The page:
Typhoid is caused by infection with a specific salmonella bacterium and is a serious disease if it develops into blood poisoning.

Where are you at risk of being infected with Typhus? 

The most common way typhus is transmitted is through food or water that has been contaminated with the feces of infected people.

Most people can only infect others with typhus while they are ill, but some people (10%) can transmit the disease to others up to three months after they have recovered. 

Two to five percent of patients become chronic carriers of the salmonella bacteria and can therefore infect others with typhus for the rest of their lives.

In which areas is Typhus found?

Typhus is seen throughout the world, but is widespread in areas with poor hygienic conditions. 

Typhoid is most common in Asia (especially the Indian subcontinent), South America, Central America and Africa. 

However, outbreaks can occur all over the world, and the risk of typhus in individual countries can therefore change. 

What symptoms can be seen in Typhus?

The Salmonella bacteria that cause typhoid cause infection in the gut and can then enter the blood and cause blood poisoning.

The first symptoms of typhus are usually felt seven to fourteen days after being infected. However, it may take longer.

Common typhoid symptoms include:

  • fever

  • headache

  • cough

  • sore throat

  • abdominal pains

  • reduced appetite

  • constipation

Severe typhoid symptoms:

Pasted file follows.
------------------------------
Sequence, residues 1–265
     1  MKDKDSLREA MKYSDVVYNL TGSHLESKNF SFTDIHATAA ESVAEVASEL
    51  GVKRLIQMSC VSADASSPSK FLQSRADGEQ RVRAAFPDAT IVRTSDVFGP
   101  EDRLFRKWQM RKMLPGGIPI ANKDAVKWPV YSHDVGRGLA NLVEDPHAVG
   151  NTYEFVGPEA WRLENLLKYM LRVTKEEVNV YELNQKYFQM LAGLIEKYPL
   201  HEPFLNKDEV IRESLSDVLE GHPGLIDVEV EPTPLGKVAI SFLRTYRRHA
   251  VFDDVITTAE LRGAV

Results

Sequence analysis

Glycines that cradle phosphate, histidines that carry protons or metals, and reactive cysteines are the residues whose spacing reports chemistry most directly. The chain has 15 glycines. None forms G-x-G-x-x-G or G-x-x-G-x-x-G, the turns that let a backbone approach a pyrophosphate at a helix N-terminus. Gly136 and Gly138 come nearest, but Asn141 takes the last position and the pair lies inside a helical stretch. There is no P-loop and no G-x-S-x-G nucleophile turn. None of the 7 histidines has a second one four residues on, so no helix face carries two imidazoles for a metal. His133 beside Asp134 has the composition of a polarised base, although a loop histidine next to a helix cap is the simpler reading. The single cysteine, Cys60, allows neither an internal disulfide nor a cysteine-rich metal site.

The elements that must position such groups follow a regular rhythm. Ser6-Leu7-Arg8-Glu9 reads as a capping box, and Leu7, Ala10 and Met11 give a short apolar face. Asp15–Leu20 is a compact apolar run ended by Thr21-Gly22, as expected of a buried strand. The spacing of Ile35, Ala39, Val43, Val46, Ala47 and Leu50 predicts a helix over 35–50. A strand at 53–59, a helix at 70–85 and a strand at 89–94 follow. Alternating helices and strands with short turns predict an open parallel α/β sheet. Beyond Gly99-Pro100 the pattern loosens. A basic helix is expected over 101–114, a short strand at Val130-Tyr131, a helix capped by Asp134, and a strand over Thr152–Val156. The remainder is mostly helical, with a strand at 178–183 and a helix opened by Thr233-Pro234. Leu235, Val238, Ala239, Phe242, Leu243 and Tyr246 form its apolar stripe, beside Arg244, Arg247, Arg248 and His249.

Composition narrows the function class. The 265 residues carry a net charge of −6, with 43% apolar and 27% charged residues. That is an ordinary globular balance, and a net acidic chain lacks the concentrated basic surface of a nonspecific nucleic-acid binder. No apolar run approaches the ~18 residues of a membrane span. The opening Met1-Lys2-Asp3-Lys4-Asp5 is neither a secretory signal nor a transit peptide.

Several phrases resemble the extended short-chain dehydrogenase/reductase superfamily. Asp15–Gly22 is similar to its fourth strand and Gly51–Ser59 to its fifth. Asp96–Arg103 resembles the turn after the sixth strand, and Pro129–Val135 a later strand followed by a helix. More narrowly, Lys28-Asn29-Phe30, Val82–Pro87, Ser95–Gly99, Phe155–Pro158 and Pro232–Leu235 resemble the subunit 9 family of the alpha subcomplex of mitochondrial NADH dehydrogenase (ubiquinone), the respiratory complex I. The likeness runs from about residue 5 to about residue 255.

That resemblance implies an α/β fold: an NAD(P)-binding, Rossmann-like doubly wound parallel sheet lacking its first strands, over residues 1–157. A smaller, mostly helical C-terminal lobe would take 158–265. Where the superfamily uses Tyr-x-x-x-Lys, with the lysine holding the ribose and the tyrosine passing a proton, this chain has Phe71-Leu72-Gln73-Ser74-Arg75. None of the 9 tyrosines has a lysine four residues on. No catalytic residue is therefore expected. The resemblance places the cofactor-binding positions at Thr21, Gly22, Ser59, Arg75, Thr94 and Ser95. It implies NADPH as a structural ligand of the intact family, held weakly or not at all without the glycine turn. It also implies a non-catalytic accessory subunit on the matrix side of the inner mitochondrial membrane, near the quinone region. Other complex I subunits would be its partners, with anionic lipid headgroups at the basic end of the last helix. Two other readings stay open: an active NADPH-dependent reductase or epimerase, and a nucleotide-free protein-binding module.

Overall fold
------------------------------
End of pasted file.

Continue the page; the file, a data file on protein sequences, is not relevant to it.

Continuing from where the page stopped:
• diarrhea

  • bloody stools

  • rash

  • neurological symptoms such as confusion

What treatment is available for Typhus?

Typhoid treatment often takes place in hospital and includes antibiotics and fluids.

Most often, typhus treatment lasts ten to fourteen days. 

It is important that typhus treatment is started as soon as possible, and that you are treated in isolation from other patients, as the disease is highly contagious.

Without typhus treatment, the disease has a mortality rate of 10–20 %.

How is typhus prevented?

Typhoid prevention, including a typhoid vaccine, which is recommended for travelers in risk areas.

The same precautions apply to this as for traveller's diarrhoea:

Foods and drinks that should be avoided as they may be contaminated:

  • salads, fruits and vegetables that are not prepared 

  • food, e.g. buffet, that has been left outside without being covered

  • unpasteurized dairy products

  • food containing raw eggs

  • raw or undercooked meat, fish or shellfish, including oysters

  • food from street kitchens 

  • ice cream and ice cubes

How do you get vaccinated against Typhoid?

The duration of the typhoid vaccine is three years after just one dose, and to be covered from the beginning of your trip, you should be vaccinated no later than 10-14 days before departure.